PPK: A snapshot of Peru's next president
Update: Since this story was written under the headline describing him as the "presumed potential president", PPK has won the final vote count by the slimmest of margins.
At the time of writing, Pedro Pablo Kuczynski (PPK) is ahead in the vote count for Peru's "too close to call" presidential election yesterday. The leader of the center-right Peruvians for Change party has run a tight race with Keiko Fujimori, daughter of former president Alberto Fujimori. But who is PPK, and what would his presidency mean for one of the world's fastest emerging produce export nations?
Peru. Whether it's in table grapes, avocados or more recently, blueberries, in the produce industry it's a country that has become synonymous with early, high-quality fruit that has shaken up international markets and the traditional lines of competition.
The country will also play host to the International Pepper Conference in just over a week's time, while large-scale irrigation projects continue to attract global interest as desert regions are converted into lush production zones courtesy of the channeling of Amazon tributaries.
Meanwhile, Peru's existing government organizations continue to promote a proliferation of smallholder farm export projects ranging from organic bananas to pineapples to passionfruit.
These are all facts which were unlikely to cross the mind of most voters at the ballot box over the weekend, but with a presidential term of five years, who they choose as leader will have far-reaching effects not just for the Peruvian countryside but supermarket shelves from Beijing to Berlin to Boston.
With 91% of the votes counted, PPK is now in the lead at 50.32%. It's a figure that's still too close to call, but what would his election mean? What is his agricultural policy?
Firstly, a bit of context. Agri-export growth has been substantial during the last five years with Ollanta Humala in power. Shipments have more than doubled for fruit and nut exports over the period to reach US$1.79 billion last year.
For vegetables, roots and tubers, exports have gone up by 27% to US$637.2 million.
Infrastructure investment has boomed too. During Humala's presidency there have been 3.5 times more roads paved than in the entire history of the republic, and the iconic Olmos mega-irrigation project has come online too.
PPK intends for this trend to continue and has slated US$70 billion for infrastructure mega-projects, with many of them focused on construction, the improvement and expansion of highways and airports, as well as projects aimed at reducing transport congestion including improvements to the Lima metro line and the construction of a Huacho-Lima-Ica commuter train.
The former World Bank economist plans to create a system to measure available water resources, and he also plans to establish the Sierra Azul Program (Blue Sierra Program) to invest in water capture projects in the high parts of basins, including dams, mini-reservoirs, infiltration trenches and the rehabilitation of waterways.
The 77-year-old emphasizes it should not be possible that some parts of the country are in drought when for five months of the year there is an abundance of water that ends up in the Pacific Basin. He has described this as a "waste that cannot be allowed". He also does not want these resources to only go to huge reservoirs for large-scale agriculture, but to smallholder farmers as well.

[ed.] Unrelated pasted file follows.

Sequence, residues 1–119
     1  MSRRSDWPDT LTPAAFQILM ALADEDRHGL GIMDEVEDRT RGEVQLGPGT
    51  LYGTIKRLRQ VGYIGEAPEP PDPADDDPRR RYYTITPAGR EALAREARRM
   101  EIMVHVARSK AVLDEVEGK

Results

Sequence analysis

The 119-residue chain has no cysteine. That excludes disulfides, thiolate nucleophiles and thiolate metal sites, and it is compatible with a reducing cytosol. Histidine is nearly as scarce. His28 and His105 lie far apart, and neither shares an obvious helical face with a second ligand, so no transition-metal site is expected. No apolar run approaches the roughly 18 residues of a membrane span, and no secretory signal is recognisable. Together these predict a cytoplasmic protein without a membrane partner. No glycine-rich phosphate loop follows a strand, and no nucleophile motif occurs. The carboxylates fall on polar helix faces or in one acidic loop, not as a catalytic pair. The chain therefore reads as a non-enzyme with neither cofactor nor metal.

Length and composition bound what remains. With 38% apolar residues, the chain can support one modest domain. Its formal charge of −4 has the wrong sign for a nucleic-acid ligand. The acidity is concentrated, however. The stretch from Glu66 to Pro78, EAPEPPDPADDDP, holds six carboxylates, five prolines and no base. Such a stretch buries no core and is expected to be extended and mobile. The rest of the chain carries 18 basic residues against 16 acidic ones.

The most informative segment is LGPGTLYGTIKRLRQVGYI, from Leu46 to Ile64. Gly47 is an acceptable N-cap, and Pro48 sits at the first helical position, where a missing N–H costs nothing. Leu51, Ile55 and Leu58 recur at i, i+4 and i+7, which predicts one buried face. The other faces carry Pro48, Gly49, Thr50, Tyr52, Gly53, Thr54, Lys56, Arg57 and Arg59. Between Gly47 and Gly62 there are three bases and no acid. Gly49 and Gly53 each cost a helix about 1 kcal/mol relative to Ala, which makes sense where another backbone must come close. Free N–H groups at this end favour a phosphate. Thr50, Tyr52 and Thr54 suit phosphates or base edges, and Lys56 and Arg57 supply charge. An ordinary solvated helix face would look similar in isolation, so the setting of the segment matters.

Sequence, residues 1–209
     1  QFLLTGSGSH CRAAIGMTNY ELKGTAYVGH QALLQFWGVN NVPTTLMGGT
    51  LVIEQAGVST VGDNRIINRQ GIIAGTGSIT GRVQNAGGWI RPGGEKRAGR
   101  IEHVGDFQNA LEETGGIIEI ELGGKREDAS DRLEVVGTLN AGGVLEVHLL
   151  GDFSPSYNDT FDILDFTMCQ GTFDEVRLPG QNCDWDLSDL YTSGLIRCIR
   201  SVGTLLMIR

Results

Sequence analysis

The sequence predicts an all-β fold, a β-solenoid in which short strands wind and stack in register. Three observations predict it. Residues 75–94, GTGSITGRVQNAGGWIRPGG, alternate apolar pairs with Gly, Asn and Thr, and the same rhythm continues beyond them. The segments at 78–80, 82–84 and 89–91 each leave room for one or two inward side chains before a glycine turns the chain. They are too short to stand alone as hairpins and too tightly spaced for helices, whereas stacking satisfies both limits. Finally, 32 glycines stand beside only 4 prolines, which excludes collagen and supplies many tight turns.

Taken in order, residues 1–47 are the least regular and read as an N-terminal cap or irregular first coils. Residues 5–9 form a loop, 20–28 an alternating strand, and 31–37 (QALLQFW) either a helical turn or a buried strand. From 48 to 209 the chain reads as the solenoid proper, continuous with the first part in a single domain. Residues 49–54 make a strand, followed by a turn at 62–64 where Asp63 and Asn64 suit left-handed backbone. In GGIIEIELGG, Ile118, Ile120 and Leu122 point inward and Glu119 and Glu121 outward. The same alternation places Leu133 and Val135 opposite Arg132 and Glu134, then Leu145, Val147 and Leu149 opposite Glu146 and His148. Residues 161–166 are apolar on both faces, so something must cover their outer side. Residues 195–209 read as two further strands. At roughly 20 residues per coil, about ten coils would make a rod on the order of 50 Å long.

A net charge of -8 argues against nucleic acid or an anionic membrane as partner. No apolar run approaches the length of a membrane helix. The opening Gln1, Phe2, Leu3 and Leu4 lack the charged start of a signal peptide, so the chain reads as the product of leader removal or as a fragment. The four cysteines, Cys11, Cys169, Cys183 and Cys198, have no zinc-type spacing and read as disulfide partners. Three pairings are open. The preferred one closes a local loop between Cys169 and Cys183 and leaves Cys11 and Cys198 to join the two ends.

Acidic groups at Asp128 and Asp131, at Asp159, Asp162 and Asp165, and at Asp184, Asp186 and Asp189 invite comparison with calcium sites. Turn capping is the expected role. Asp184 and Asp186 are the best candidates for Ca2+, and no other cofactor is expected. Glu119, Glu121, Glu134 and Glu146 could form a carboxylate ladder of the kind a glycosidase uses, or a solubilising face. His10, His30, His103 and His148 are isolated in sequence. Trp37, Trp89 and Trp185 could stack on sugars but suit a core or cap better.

By 2021, he aims to ensure irrigation for 500,000 hectares in the Sierra region and to rehabilitate 100,000 hectares of water platforms.
Like Humala before him, PPK sees agriculture as a means to reduce poverty and create jobs, which he says requires an increase in productivity and the quality of production. One way that he differs from his predecessor, and from Keiko Fujimori, is his heavy emphasis on seed development and breeding.
PPK has lamented that only 14% of the crops grown in Peru come from certified seeds, and he plans to kick-start a seed breeding program designed to conserve and improve the genetic diversity of Peruvian crops, starting with the provision of improved corn and potato seeds.
Fujimori has attacked PPK over his position on seeds, labeling him as pro-GMO while claiming she would extend the country's moratorium on genetically modified foods. In all practicality however, the moratorium is set for a 10-year period so it would not be easy for the new president to reverse it.
There are other issues that cannot be left out of any analysis of Peru's situation. Despite the economic growth the country has experienced, Peru has been beset by social conflicts in more remote parts of the country, and a dependency on mining during a period of lower metal prices also puts strain on regional economies. Throughout the whole nation, security has been a concern as well.
The current government has sought to tackle illegal mining, and has also stamped out almost one hundred thousand hectares of coca leaf-producing land which has been replaced with other crops, but despite all his initiative Humala still has a low approval rating.
The government has also lacked consistency in its cabinet, with four people holding the title of Agriculture Minister during Humala's reign. The produce industry will hope PPK, if elected, will choose the right man or woman for the job on the first attempt.